Philadelphia is no stranger to exquisite handmade furniture: It’s a city full of design galleries and renowned university craft programs. In the colonial period and in the early days of the Republic, Philadelphia craftsmen made some of the finest furniture in the New World. Later, nearby Bucks County was home to the furniture makers Phillip Lloyd Powell, George Nakashima, Wharton Esherick, and Paul Evans. So the city of Brotherly Love is a natural fit for the Philadelphia Furniture Show, which, for the past 24 years, has showcased the work of top independent designers from across the country.
Last weekend, organizers welcomed visitors to the 23rd Street Armory, where more than 50 exhibitors tempted serious collectors and curious onlookers alike with their eye-catching creations. The show represents a dizzying range of styles, from classic silhouettes drawn from Shaker style to the arts-and-crafts aesthetic of Gustav Stickley and much more. Others are at the bleeding edge of digital design, using CNC routers and stack lamination (a nod to the late, great Wendell Castle, who died earlier this year aged 85) to make futuristic chairs and benches. Some of the standouts, though, do some of each, blending silhouettes from furniture history with the quirks and originality of their own imaginations.
Virginia Blanchard works out of a studio in Rockland, Maine, where she lives in a ship captain's home that dates from the 1840s. She has an enduring love of the Vienna Secessionist movement and the fin de siècle interiors she describes as “strong and sexy formal environments.” Along with highly polished exotic woods, geometric botanical designs, and delicate inlay, Blanchard’s work seems to channel the spirit of Koloman Moser. Moser (1868–1918) was a key figure in the Vienna Secessionist movement, a cofounder of the Wiener Werkstätte, and one of the pioneers in Austrian Art Nouveau. In his work, human figures and flowers alike were rendered as geometric forms with round heads and foliate detailing snakes around the edges of book covers, fabric patterns, and pieces of furniture. “I think the early-20th-century designers got modernity right,” she says: “Your interior spaces could be fancy without being precious.” At the Philadelphia Furniture Show, Blanchard’s booth seemed to radiate vintage glamour. Its focal point was a padauk and holly-wood vanity, with a slightly off-center mirror and dramatically faceted legs. This piece captures Blanchard’s fondness for Art Deco, with its muscular form, highlighted by a delicate floral edge banding alive with Secessionist-style blooms.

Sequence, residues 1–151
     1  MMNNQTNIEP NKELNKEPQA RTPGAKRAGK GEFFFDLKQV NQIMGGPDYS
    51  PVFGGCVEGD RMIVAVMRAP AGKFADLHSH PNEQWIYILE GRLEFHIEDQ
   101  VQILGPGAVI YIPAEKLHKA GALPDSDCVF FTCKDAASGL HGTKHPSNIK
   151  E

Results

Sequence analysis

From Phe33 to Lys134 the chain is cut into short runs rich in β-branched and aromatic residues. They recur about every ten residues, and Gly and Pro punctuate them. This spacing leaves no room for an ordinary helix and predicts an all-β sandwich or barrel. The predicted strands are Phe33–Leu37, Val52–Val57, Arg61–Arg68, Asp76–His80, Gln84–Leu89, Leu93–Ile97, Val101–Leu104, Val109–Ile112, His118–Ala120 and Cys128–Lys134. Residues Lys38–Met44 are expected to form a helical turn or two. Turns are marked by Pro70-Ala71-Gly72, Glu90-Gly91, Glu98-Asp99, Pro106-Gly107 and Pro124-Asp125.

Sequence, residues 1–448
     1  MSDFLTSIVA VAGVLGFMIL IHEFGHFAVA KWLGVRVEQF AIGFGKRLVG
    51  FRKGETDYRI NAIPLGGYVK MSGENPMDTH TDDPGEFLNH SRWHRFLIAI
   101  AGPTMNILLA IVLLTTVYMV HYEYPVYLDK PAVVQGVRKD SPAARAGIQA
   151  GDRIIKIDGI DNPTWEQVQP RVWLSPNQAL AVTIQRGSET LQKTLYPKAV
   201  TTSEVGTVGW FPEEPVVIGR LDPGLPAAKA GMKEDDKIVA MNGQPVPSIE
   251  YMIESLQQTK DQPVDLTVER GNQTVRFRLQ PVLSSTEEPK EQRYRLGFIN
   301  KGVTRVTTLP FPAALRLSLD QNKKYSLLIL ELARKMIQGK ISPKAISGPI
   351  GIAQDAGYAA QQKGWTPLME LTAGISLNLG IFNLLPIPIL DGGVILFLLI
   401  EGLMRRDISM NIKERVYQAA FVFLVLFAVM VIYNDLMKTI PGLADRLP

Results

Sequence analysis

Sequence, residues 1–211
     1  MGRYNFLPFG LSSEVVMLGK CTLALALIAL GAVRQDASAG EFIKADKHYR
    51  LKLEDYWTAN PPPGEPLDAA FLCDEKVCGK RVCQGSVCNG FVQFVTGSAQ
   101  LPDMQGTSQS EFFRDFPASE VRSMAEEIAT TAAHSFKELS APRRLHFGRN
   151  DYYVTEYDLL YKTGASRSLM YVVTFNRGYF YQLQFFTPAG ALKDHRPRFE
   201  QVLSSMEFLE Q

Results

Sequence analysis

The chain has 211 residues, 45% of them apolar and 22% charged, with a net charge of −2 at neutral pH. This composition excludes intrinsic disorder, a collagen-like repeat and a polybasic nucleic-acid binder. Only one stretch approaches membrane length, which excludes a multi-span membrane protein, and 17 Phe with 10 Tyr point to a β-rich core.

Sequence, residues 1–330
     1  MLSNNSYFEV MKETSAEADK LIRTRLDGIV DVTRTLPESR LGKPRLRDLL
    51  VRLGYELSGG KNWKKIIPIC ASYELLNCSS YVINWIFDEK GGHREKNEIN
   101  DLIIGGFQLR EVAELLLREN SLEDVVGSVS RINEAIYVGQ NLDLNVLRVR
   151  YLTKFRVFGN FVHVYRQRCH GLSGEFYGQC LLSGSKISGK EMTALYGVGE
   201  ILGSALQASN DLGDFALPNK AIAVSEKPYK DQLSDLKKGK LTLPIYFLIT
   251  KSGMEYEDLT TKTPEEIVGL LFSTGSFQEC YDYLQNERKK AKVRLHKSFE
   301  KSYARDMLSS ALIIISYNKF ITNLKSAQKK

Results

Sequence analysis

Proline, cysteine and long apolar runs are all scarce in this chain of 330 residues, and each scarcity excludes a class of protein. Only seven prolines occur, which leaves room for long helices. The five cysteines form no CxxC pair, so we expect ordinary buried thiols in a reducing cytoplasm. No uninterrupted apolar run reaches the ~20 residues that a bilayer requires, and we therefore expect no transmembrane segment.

Right next to Blanchard was Zietz Furniture, the studio of furniture maker Jeremy Zietz, who is based in Richmond, Virginia. Zietz worked as an industrial designer before going back to school to earn an MFA from Virginia Commonwealth University’s renowned crafts program. In a sea of booths that flashed pattern and whimsy, catching a glimpse of Zietz’s booth was like flipping the channel and unexpectedly landing on a program about Shaker design. Spare and elegant, each piece in his booth seemed to hold ingenious design touches that weren’t immediately obvious. Zietz specializes in what he characterizes as “heirloom furniture destined to become long-lasting gifts to future generations.” And one piece in particular, the Enfield Blanket Chest (the name’s a loose nod to one of the original Shaker villages—now a museum—though Zietz does not do reproductions of their designs), was made for a three-year-old as a gift from her grandparents. On the inside of its lid is a tree of life design inspired by Pennsylvania Dutch motifs, the leaves of which can be marked with each owner's initials and a date, marking the passage of the chest through subsequent generations. With its clean aesthetic, it is both modern and rooted in history, even as it's destined to trace a familial path into the future.
Durham, North Carolina-based Meredith Hart studied architecture before she entered the famed North Bennet Street School's furniture-making program in Boston. Clearly aware of the larger context of the domestic interior, her stylish, modern furniture reflects a keen awareness of comfort. The beautifully upholstered Buchanan Daybed is one result. When a client asked Hart to create a Danish-inspired daybed, she decided to combine the linearity typical of Scandinavian modern furniture with signs that the piece was handcrafted. “These two aspects came together in the visible hand-cut dovetails on the ends, the pinned bridle joints on the legs, and the stretchers that flow into the legs,” Hart says, adding that the unseen but crucial sturdiness of the bed’s interior structure makes the piece as durable and comfortable as it is chic.
Each distinctive in aesthetic and voice, Blanchard, Zietz, and Hart represent a new wave of classically trained and artistically accomplished furniture makers who are keeping centuries-old techniques alive in their studios. But happily, none of them are mimicking the forms of Art Nouveau, Shaker, or Scandinavian modern furniture. Each designer draws inspiration from the historic greats, yet adapts the signature qualities of established styles to new, unique objects that can spark forward-thinking visions for 21st-century interiors.